There are several examples that come to mind. Recently, in my region of Saguenay—Lac-Saint-Jean, there have been some incidents in which companion animals were killed, hung or even shot with rifles. Given the definition of companion animal, such animals are considered property in Canada. I do not think anyone here is against virtue. Are the member and his government open to tightening up the laws so that killing a companion animal in this manner is considered a criminal offence?

Justice for Animals in Service Act (Quanto's Law) June 11th, 2015

Mr. Speaker, I believe that my colleague did not have enough time to finish his speech and to say everything he wanted to. I would like to give him the opportunity to tell us more. My colleagues and I enjoy hearing the good proposals put forward by the NDP, the next government of Canada. I believe that Canadians watching at home would like to hear more about this. Therefore, I will give my colleague some more time.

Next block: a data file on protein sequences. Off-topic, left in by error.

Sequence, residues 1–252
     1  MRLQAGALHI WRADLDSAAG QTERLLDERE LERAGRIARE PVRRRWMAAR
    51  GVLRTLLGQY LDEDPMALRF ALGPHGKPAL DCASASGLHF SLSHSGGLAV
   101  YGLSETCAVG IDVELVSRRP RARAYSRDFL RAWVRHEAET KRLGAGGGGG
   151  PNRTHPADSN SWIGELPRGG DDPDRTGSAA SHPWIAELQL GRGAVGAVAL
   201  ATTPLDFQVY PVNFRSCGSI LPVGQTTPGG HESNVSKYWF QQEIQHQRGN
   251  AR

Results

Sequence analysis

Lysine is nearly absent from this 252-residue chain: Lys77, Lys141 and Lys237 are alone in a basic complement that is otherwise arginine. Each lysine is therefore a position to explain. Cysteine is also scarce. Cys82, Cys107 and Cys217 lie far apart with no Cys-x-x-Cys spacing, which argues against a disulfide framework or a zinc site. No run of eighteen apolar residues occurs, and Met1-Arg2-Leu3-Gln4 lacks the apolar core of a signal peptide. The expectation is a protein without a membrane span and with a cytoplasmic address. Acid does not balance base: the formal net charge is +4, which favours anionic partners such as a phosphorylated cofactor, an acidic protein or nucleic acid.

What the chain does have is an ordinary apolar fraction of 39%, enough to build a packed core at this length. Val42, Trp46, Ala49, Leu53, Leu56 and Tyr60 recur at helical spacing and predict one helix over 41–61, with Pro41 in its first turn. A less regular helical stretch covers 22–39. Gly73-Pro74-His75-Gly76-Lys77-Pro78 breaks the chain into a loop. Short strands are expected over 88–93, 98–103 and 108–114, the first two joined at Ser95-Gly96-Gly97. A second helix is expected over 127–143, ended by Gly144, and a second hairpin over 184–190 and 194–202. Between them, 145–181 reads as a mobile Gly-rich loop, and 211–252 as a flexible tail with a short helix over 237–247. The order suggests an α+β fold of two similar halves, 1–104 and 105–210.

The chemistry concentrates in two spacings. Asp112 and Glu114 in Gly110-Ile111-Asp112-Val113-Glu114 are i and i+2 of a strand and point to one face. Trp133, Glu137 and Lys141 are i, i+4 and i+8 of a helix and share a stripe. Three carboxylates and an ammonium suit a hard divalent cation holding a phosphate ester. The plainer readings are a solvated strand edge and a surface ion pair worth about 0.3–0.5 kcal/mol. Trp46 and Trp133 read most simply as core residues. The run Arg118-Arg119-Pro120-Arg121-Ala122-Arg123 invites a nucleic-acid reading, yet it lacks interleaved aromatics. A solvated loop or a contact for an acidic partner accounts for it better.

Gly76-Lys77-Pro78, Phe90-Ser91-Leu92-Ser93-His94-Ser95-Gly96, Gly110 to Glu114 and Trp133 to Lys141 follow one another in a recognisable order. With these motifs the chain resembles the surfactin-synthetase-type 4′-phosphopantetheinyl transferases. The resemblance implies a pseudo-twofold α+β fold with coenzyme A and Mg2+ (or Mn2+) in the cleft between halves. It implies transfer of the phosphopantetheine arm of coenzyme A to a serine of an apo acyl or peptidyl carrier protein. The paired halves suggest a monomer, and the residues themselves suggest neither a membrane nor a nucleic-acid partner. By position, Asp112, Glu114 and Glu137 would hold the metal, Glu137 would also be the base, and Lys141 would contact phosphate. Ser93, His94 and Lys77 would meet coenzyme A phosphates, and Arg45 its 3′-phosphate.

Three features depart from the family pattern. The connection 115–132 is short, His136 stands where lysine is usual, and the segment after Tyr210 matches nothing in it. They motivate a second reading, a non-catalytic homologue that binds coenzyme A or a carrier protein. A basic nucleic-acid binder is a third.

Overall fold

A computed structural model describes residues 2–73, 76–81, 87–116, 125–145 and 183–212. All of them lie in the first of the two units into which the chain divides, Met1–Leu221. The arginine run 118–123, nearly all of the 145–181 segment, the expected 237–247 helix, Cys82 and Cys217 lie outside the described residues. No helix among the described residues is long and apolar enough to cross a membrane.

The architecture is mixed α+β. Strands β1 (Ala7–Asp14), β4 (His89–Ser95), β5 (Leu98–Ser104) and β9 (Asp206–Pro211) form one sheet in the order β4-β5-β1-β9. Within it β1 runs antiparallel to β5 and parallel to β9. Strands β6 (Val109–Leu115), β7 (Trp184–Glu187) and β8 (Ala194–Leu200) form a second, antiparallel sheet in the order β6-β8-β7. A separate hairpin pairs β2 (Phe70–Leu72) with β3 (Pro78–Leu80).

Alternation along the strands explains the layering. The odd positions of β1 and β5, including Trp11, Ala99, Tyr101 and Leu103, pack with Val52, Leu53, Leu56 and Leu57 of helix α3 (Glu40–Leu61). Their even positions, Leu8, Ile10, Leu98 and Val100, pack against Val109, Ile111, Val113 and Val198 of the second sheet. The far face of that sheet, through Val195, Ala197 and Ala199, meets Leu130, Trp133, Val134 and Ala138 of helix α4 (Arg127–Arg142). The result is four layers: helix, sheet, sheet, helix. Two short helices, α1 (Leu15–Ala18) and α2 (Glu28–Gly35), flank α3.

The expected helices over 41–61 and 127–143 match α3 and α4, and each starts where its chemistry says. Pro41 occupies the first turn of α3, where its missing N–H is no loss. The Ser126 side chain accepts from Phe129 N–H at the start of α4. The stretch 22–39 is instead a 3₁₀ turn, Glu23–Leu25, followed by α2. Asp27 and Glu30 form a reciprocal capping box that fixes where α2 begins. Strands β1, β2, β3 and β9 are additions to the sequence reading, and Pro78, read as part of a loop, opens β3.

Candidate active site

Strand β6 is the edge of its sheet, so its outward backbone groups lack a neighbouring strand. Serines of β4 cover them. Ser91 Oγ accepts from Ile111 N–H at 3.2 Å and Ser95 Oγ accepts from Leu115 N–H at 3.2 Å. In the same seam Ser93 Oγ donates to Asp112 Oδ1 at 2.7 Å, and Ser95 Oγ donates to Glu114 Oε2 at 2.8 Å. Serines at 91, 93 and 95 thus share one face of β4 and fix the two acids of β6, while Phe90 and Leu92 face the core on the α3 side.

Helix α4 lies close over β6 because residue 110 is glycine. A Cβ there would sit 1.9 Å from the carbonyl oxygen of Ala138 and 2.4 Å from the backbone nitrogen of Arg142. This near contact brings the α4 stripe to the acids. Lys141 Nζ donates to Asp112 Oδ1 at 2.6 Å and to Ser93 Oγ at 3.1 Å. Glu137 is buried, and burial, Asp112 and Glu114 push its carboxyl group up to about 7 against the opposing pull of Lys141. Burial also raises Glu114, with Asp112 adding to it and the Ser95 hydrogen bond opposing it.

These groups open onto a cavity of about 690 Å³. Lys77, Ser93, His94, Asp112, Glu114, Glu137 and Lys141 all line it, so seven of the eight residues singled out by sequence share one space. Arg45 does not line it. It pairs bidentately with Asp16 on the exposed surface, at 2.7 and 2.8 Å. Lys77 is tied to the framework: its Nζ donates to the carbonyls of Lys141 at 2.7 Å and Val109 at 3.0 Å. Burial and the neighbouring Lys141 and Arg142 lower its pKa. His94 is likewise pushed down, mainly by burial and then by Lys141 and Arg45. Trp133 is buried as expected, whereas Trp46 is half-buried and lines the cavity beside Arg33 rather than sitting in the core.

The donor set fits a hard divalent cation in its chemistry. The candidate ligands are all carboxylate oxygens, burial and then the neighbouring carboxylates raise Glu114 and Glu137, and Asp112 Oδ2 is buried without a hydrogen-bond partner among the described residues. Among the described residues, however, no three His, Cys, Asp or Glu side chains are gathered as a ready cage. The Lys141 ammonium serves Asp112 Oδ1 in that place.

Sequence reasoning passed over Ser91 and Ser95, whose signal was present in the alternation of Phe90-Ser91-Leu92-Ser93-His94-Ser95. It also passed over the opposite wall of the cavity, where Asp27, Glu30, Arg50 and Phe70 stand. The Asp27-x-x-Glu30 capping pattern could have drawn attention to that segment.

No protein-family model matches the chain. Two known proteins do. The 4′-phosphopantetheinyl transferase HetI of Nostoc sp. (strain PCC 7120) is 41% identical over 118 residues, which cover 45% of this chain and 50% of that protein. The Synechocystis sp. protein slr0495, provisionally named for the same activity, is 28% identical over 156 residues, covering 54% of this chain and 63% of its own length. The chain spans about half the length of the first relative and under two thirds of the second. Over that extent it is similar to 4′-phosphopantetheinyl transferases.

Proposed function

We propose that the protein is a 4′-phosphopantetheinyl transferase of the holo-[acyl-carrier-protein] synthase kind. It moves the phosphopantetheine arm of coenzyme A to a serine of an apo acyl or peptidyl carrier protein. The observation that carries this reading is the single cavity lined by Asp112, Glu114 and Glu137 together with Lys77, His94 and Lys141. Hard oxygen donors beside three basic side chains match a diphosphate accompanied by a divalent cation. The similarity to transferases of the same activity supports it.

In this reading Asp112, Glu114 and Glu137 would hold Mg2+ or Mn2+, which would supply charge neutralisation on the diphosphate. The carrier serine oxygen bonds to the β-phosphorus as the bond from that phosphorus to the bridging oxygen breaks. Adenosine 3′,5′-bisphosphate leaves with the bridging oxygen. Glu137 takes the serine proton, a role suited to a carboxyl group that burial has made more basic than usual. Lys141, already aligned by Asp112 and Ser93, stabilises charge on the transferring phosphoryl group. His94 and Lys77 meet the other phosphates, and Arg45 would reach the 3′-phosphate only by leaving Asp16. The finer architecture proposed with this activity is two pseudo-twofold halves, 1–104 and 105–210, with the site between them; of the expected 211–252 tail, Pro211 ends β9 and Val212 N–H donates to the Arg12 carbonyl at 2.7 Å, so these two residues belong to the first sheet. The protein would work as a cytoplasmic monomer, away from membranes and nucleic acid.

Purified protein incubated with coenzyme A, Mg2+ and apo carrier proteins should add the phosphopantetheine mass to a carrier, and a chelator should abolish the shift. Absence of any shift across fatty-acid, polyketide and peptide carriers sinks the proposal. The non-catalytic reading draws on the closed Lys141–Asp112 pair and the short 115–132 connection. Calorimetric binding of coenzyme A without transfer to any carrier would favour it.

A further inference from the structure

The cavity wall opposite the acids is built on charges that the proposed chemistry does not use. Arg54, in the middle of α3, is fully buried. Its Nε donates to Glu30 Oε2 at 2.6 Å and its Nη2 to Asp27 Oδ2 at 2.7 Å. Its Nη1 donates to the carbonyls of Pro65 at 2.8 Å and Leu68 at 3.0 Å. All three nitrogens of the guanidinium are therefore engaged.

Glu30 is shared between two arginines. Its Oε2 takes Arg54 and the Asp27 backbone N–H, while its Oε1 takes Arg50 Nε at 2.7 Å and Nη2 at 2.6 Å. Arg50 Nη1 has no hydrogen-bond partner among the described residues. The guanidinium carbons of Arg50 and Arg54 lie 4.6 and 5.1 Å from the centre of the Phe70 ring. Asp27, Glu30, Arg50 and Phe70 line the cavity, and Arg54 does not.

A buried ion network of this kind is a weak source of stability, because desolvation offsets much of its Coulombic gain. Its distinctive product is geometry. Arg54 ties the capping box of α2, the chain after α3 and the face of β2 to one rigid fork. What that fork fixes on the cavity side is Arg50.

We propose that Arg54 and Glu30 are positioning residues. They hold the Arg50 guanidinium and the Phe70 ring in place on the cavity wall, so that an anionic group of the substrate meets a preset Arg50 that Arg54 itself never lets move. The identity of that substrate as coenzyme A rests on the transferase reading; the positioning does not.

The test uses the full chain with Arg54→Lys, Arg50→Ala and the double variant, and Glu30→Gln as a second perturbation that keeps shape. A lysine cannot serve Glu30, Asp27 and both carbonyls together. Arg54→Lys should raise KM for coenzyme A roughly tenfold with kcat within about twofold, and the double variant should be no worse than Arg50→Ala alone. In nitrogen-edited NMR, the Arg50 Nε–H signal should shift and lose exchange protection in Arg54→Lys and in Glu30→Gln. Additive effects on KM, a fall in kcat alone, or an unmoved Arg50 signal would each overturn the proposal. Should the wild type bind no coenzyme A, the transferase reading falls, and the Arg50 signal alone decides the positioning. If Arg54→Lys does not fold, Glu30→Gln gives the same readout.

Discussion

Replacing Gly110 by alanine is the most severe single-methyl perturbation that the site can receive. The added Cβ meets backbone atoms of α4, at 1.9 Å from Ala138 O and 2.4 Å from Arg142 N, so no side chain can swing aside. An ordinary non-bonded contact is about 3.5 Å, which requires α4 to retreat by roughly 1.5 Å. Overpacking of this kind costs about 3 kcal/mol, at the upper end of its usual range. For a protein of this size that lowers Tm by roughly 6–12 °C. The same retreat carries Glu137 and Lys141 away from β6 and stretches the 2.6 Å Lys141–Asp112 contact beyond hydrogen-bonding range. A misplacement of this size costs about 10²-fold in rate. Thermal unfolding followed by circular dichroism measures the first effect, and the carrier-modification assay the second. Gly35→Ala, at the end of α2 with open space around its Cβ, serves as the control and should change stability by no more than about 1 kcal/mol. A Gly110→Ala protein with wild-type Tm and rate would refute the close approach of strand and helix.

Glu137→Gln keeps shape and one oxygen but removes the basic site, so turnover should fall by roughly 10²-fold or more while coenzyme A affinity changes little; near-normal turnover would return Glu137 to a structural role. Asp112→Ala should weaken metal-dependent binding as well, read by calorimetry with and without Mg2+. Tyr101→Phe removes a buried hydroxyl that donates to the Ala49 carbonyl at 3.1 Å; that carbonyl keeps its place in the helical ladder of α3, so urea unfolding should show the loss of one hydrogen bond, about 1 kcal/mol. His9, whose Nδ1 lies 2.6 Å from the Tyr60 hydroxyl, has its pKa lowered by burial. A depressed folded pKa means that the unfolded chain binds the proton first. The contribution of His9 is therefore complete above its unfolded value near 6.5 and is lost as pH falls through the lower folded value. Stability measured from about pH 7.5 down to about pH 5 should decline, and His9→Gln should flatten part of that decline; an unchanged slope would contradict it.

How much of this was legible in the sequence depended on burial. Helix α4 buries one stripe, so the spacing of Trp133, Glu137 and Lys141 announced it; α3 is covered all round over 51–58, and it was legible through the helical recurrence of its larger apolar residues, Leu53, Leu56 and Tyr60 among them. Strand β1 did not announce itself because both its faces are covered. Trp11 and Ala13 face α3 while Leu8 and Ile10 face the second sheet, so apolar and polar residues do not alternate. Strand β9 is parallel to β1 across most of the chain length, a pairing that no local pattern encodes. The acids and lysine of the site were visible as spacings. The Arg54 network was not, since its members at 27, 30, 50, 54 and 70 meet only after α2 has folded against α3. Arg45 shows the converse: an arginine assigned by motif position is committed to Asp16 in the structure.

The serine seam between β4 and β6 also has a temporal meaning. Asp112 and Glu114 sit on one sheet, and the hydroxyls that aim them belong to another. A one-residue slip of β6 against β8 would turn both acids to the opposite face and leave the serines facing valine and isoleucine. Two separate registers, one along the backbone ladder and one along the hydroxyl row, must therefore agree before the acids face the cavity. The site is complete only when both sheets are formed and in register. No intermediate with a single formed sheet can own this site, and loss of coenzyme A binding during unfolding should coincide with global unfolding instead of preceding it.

Justice for Animals in Service Act (Quanto's Law) June 11th, 2015

Mr. Speaker, I am going to go back to the question posed by my NDP colleague from Trois-Rivières. Although we recognize that this bill is a step in the right direction, my colleague asked why the Conservative government did not go further and protect all animals, thus sending a clear message that the abuse or killing of a companion animal, whether our own or our neighbour's, is unacceptable. The federal government has at its disposal the Criminal Code of Canada, which is outside the provincial realm. I obviously hope that if a bill were brought forward, there would be discussions with the provinces.

Why is the Conservative government not interested in making the abuse or killing of an animal illegal and a Criminal Code offence?

Economic Action Plan 2015 Act, No. 1 June 10th, 2015

Mr. Speaker, unfortunately the Conservative government raided the employment insurance fund to balance the budget. The budget contains some good measures, such as cutting the tax rate for SMEs from 11% to 9%, which is an NDP idea. However, it also contains bad measures, bad initiatives and bad programs.